This paper uses Shachar’s conception of jus nexi to explore three interrelated ideas. I first contend that Shachar’s analysis of the monetary value of birthright citizenship may be applied to temporary workers, lawful permanent residents and naturalized citizens as an exposé of inherited privilege in diverse communities and as a means of identifying which forms of membership and belonging are worth owning. Second, I use the idea of jus nexi to question which additional work relationships and identity networks that might (...)
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  23. added 2014-07-04
    Transcending National Citizenship or Taming It? Ayelet Shachar’s Birthright Lottery.Duncan Ivison - 2012 - Les ateliers de l'éthique/The Ethics Forum 7 (2):9-17.
    Recent political theory has attempted to unbundle demos and ethnos, and thus citizenship from national identity. There are two possible ways to meet this challenge: by taming the relationship between citizenship and the nation, for example, by defending a form of liberal multicultural nationalism, or by transcending it with a postnational, cosmopolitan conception of citizenship. Both strategies run up against the boundedness of democratic authority. In this paper, I argue that Shachar adresses this issue in an innovative way, but remains (...)
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  24. added 2014-01-28
    The Transfer of Duties: From Individuals to States and Back Again.Stephanie Collins & Holly Lawford-Smith - 2016 - In Michael Brady & Miranda Fricker (eds.), The Epistemic Life of Groups. Oxford University Press. pp. 150-172.
    Individuals sometimes pass their duties on to collectives, which is one way in which collectives can come to have duties. The collective discharges its duties by acting through its members, which involves distributing duties back out to individuals. Individuals put duties in and get (transformed) duties out. In this paper we consider whether (and if so, to what extent) this general account can make sense of states' duties. Do some of the duties we typically take states to have come from (...)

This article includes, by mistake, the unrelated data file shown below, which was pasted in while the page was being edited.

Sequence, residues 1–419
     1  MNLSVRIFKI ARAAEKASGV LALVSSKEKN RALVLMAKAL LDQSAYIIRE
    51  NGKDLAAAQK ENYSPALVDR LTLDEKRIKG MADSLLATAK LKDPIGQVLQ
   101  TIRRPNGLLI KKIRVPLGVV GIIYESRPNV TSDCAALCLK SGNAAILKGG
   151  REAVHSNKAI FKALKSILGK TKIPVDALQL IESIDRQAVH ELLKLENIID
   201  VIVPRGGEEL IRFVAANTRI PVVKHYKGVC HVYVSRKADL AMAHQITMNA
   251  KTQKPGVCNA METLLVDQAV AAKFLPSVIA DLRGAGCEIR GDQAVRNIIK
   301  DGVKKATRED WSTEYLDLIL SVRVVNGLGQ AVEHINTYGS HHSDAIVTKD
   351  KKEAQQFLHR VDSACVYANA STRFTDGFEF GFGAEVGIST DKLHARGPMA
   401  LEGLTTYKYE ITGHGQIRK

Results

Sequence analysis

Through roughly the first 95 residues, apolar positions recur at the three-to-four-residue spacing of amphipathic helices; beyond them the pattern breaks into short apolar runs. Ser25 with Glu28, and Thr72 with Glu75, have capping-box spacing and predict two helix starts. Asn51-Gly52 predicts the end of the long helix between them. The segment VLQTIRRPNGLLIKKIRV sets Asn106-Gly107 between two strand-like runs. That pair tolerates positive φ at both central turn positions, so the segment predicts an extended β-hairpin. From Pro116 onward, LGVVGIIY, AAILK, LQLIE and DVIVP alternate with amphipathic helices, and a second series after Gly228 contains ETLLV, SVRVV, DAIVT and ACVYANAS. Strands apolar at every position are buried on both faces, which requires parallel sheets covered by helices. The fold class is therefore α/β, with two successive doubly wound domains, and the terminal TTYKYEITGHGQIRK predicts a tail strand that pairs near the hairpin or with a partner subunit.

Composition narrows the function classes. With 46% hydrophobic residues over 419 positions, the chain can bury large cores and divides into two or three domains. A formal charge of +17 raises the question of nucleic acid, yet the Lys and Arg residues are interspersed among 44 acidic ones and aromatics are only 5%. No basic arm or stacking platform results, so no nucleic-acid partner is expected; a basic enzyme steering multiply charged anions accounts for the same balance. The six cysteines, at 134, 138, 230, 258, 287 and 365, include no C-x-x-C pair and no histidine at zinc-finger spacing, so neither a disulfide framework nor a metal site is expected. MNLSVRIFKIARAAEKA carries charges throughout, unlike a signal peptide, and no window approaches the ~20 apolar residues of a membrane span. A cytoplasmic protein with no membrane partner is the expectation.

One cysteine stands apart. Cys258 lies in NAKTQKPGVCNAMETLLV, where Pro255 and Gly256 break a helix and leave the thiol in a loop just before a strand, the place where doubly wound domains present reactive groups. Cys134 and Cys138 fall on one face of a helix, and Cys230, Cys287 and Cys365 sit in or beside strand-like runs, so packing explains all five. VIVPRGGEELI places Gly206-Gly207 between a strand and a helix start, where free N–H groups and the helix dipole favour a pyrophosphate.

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  25. added 2012-12-05
    Migration and Equality: Should Citizenship Levy Be a Tax or a Fine?Speranta Dumitru - 2012 - Les ateliers de l'éthique/The Ethics Forum 7 (2):34-49.
    It is often argued that development aid can and should compensate the restrictions on migration. Such compensation, Shachar has recently argued, should be levied as a tax on citizenship to further the global equality of opportunity. Since citizenship is essentially a ‘birthright lottery’, that is, a way of legalizing privileges obtained by birth, it would be fair to compensate the resulting gap in opportunities available to children born in rich versus poor countries by a ‘birthright privilege levy’. This article sets (...)
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  26. added 2011-11-07
    The Respect Fallacy: Limits of Respect in Public Dialogue.Italo Testa - 2012 - In Christian Kock & Lisa Villadsen (ed.), Rhetorical Citizenship and Public Deliberation (pp. 77-92). Pennsylvania State University Press.
    Deliberative politics should start from an adequate and differentiated image of our dialogical practices and their normative structures; the ideals that we eventually propose for deliberative politics should be tested against this background. In this article I will argue that equal respect, understood as respect a priori conferred on persons, is not and should not be counted as a constitutive normative ground of public discourse. Furthermore, requiring such respect, even if it might facilitate dialogue, could have negative effects and lead (...)